GALLERY: Oasis Centre in Wisbech throws party to celebrate milestone
- Credit: Archant
The community turned out in force on Friday to celebrate a landmark birthday at The Oasis Centre.
The centre, in St Michael’s Avenue, Wisbech, has been owned and run by the Wisbech Community Development Trust for 10 years. It is managed by Chris Stevens and her friendly small team of staff.
To mark the occasion. a packed afternoon line-up was organised to give a taste of the broad range of activities on offer at the centre.
There was a tea dance for the over-60s, games, competitions, karaoke and even taster karate and zumba sessions. Crafts from Oasis regulars were on display and North East Cambs MP Steve Barclay was on hand for the cake cutting ceremony.
Addressing the gathering, he said: “Quite a few people in this room will remember 10 years ago and all the work done to secure the centre’s future.
“What makes this place work is the staff. Chris and her team create a warm atmosphere, which is so welcoming.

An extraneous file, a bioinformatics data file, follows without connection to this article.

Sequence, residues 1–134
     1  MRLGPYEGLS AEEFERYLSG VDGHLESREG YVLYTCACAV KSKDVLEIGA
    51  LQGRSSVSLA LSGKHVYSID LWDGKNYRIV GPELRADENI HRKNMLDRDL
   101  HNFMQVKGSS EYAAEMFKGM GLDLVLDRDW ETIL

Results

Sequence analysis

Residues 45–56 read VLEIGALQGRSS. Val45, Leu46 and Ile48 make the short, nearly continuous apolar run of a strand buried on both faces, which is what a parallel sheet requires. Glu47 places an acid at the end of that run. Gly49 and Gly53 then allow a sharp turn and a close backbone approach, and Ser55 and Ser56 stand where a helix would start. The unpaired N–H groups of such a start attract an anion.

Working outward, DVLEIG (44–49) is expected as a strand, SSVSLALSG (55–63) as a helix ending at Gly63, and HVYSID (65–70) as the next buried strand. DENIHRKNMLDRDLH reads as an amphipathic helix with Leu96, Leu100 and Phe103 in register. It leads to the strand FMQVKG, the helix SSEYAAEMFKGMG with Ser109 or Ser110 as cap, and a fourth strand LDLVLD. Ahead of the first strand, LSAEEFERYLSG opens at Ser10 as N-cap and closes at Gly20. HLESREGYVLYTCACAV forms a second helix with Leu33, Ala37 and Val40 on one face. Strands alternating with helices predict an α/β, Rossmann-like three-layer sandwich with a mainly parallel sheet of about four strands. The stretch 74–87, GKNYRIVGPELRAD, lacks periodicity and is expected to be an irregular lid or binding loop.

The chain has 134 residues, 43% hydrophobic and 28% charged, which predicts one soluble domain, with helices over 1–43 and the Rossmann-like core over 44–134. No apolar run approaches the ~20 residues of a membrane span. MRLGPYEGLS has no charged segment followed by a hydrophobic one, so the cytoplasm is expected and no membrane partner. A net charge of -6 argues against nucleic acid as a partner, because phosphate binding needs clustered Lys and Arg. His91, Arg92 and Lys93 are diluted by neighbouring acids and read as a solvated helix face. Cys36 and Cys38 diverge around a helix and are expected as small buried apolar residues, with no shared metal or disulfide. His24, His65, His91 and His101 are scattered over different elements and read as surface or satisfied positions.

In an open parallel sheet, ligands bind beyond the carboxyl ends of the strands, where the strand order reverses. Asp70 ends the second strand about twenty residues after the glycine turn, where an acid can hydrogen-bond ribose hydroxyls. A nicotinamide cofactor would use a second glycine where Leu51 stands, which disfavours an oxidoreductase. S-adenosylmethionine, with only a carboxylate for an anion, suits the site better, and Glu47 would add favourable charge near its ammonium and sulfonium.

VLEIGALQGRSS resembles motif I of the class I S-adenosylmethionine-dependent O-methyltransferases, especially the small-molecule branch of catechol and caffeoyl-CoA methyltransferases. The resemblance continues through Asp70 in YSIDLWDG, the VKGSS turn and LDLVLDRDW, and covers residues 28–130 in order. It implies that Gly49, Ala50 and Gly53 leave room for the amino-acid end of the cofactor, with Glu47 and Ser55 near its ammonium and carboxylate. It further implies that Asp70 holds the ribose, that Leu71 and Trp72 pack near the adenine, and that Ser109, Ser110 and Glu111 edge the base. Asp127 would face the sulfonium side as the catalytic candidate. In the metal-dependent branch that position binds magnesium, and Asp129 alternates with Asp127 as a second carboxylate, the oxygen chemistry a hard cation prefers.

“It’s not easy to keep going without core funding. We can be very proud of this centre. For example, there are many wonderful crafts here.
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“Today is a chance to celebrate 10 years and thank Chris and her team.”
One quick glance at the noticeboard and you can see the centre’s diverse appeal. They run a community cafe, a bingo, an over 55s group, a crafts group and confidence workshops, which are a source of great pride to those involved.
One resident, Terry Robinson, said: “I am here on Thursday afternoons for the over 55s club where we play cards and dominoes and I volunteer for Age UK on Friday mornings.
“This place is very important for the community.”
Another resident, Vanessa Smithers, added: “We come here (with her husband) for the community meetings with the police, council and fire service.
“They give members of the public a chance to raise any concerns.”
Reflecting on the centre’s role of the community, Mrs Stevens said: “We try and cater for all age groups. Lots of people come to the confidence course. Often, they can’t read for write. But they get the confidence to speak up and we can get government grants to teach them.
“Because of that, one woman was able to read a book to her granddaughter for the first time.
“All charities are struggling and we don’t have core funding so our income comes from hiring out the facilities.
“Some charities have fallen by the wayside but we are doing ok. Hopefully we’ll be around for a long time to come.
“We couldn’t have done it without the support of the partner organisations, various groups, residents, trustees and volunteers.”